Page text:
Overview

FSMO stands for Flexible Single Master Operations, and FSMO roles (also known as operations master roles) help you prevent conflicts in your Active Directory.

In this article I will examine the difference between the single and multi-master models in Windows Server 2000, 2003 and 2008 and I will go through what you need to know about the different FSMO roles. I will also take a look at FSMO reliability and availability and what’s new with FSMO in Windows Server 2008.

Windows 2000/2003/2008 Multi-Master Model

  • For most Active Directory objects, the task of updating can be performed by any Domain Controller except those Domain Controllers that are read-only. Updates such as computer object properties, renamed organizational units, and user account password resets can be handled by any writable domain controller.

    After an object is changed on one domain controller, those changes are propagated to the other domain controllers through replication. During replication all of the Domain Controllers share their updates. So a user that has their password reset in one part of the domain may have to wait until those changes are replicated to the Domain Controller that they are signing in from.

    This model works very well for most objects. In the case of any conflicts, such as a user’s password being reset by both the central helpdesk as well as an administrator working at the user’s site, then conflicts are resolved by whichever made the last change. However, there are some changes that are too important, and are not well suited to this model.

    Windows 2000/2003/2008 Single-Master Model

    There are 5 specific types of updates to Active Directory that are very specific, and conflicts should be avoided. To help alleviate any potential conflicts, those updates are all performed on a single Domain Controller. And though each type of update must be performed on a single Domain Controller, they do not all have to be handled by the same Domain Controller.

    These types of updates are handled by Domain Controllers Flexible Single Master Operations roles, or FSMO roles. Each of the five roles is assigned to only one domain controller.

    There are five of these FSMO roles in every forest. They are:

    • Schema Master
    • Domain Naming Master
    • Infrastructure Master
    • Relative ID (RID) Master
    • Primary Domain Controller (PDC) Emulator

    Additionally, three of those FSMO roles are needed once in every domain in the forest:

    • Infrastructure Master
    • Relative ID (RID) Master
    • Primary Domain Controller (PDC) Emulator

    Here is what you need to know about the different FSMO roles.

    • All Schema Changes and Updates to Active Directory are Processed by the DC with the Schema Master Role

    Whenever the schema is modified at all, those updates are always completed by the domain controller with the schema master role. Schema is updated during the normal replication, and the schema updates are replicated throughout all the domains in the forest. Since the schema master role is only needed once in the forest, it is kept in the forest root domain. It’s advisable to place the schema master role on the same domain controller (DC) as the primary domain controller (PDC) emulator.

    • Changes to Which Domains are Part of the Forest are Processed by the DC with the Domain Naming Master Role

    As domains join or leave the forest, the domain naming master makes the updates into active directory. Only this DC actually commits those changes into the directory. The domain naming master also commits the changes to application partitions. Like the schema master role, this role is a forest level FSMO, and it is only needed once across all domains in a forest. Also like the schema master, it is suggested to let this role be handled by the same domain controller – the PDC emulator in the forest root.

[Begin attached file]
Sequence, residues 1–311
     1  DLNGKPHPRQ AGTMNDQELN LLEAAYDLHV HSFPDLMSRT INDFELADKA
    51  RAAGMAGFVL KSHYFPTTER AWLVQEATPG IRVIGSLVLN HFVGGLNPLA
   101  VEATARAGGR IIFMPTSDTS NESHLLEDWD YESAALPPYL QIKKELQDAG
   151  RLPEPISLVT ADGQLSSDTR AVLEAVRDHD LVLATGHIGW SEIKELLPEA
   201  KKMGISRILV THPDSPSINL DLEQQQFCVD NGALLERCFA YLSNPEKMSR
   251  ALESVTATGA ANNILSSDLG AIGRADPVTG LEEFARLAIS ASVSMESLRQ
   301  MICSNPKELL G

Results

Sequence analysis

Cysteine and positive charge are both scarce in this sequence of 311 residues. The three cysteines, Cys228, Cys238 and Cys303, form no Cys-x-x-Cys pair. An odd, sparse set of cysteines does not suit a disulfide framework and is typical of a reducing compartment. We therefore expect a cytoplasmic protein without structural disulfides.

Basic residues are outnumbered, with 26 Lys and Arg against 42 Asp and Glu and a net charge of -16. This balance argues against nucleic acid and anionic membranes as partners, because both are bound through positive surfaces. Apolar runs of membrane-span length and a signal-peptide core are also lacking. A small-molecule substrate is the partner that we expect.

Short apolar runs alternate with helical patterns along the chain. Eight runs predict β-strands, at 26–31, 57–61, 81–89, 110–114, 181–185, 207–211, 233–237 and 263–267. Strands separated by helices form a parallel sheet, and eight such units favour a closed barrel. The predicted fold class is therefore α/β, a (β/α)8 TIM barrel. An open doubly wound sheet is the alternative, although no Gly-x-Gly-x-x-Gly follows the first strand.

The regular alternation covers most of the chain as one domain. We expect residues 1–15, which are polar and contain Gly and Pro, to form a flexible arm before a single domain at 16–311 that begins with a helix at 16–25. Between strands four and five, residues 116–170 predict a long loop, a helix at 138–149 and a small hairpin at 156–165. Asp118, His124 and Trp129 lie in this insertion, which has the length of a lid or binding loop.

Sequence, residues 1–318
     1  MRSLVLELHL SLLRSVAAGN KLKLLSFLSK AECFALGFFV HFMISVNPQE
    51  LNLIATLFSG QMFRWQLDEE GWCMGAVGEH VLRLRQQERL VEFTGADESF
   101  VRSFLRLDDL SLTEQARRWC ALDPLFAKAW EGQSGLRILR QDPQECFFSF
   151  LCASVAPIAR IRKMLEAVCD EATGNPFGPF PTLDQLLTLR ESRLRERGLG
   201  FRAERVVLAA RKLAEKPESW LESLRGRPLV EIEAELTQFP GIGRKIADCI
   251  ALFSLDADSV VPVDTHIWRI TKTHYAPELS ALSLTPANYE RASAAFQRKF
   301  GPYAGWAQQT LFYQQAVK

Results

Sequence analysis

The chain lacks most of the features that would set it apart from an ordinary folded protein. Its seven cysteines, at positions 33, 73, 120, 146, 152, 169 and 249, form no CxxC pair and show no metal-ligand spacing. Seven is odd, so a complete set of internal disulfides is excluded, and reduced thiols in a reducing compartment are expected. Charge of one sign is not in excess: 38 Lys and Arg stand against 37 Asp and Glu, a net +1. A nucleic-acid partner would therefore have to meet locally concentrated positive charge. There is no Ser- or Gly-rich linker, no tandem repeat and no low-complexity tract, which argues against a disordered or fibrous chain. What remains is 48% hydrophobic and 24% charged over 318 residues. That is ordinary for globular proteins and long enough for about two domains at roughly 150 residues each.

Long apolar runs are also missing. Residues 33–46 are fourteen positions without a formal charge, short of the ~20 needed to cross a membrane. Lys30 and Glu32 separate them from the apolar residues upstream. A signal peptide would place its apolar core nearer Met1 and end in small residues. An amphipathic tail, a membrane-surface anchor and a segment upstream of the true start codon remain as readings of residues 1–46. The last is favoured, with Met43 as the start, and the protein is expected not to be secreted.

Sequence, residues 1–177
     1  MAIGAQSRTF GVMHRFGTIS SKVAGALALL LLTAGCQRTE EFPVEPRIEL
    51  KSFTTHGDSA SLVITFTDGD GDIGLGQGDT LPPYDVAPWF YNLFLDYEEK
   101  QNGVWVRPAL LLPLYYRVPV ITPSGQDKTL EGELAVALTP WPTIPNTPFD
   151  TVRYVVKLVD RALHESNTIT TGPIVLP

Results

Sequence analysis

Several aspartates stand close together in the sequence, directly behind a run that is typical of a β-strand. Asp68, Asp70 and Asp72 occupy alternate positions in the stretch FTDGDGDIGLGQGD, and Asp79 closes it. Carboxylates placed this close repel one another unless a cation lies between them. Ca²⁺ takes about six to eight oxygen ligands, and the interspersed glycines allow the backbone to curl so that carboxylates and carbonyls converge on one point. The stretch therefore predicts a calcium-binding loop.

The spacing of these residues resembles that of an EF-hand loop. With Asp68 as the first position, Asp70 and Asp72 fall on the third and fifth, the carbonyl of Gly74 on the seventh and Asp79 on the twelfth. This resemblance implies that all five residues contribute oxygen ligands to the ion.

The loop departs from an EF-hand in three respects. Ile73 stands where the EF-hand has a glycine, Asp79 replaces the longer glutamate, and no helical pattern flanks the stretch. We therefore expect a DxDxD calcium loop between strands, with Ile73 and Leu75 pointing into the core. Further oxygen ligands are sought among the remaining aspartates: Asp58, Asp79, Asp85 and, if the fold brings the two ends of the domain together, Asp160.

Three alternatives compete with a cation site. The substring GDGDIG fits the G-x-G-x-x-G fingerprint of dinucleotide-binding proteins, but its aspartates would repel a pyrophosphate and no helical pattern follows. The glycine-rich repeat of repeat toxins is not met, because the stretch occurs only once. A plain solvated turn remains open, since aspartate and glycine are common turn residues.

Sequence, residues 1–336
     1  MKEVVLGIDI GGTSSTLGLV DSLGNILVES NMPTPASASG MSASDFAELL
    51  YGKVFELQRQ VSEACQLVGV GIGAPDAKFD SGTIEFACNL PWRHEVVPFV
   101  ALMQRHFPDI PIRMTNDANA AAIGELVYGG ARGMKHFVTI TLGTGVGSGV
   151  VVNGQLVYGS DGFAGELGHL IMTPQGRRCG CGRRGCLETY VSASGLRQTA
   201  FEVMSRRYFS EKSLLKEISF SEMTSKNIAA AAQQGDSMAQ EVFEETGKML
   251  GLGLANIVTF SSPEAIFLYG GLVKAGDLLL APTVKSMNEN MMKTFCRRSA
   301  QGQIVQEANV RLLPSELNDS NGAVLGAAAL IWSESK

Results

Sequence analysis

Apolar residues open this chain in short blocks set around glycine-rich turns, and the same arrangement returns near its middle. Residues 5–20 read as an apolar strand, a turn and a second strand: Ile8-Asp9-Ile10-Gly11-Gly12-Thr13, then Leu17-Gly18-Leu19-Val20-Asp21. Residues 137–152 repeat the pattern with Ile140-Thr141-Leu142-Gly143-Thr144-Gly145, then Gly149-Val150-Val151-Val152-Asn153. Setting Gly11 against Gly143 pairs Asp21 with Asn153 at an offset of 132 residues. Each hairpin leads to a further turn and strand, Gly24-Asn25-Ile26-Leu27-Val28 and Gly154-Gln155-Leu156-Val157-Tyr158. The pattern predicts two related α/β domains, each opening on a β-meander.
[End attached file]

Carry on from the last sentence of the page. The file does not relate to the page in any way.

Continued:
• Each Domain in a Forest Translates Names for Other Domains Through Their Infrastructure Master

    The infrastructure master is a translator, between globally unique identifiers (GUIDs), security identifiers (SIDs), and distinguished names (DNs) for foreign domain objects. If you’ve ever looked at group memberships of a domain local group which has members from other domains, you can sometimes see those users and groups from the other domain listed only by their SID. The infrastructure master of the domain of which those accounts are in is responsible for translating those from a SID into their name.

    Each domain has their own infrastructure master, including the forest root and every child domain. Usually, you do not put the infrastructure master role on a domain that holds the global catalog. However, if you’re in a single domain forest, the infrastructure master has no work to do, since there is no translation of foreign principals. In that case it’s acceptable to place the infrastructure master it on any domain controller (DC), even if it has the global catalog. For a forest with multiple domains, if there’s even one domain controller that doesn’t have the global catalog on it, then you need to put the infrastructure master role on a domain controller that does not have the global catalog.

    • The Unique Part of a Security Identifier is Assigned from the Relative ID (RID) Master

    One of the first things understood about a security identifier (SID) is that they are unique. There are two parts of a SID: the domain identifier (domain ID), and the relative ID (RID). The domain identifier part of the SID is uniform among all security principals in the domain. When looking at a list of SIDs in a domain, it’s easy to identify the domain SIDs – they all look the same. On the contrary, the relative ID part of the SID is the unique part. The two parts together make up what we commonly identify as a SID.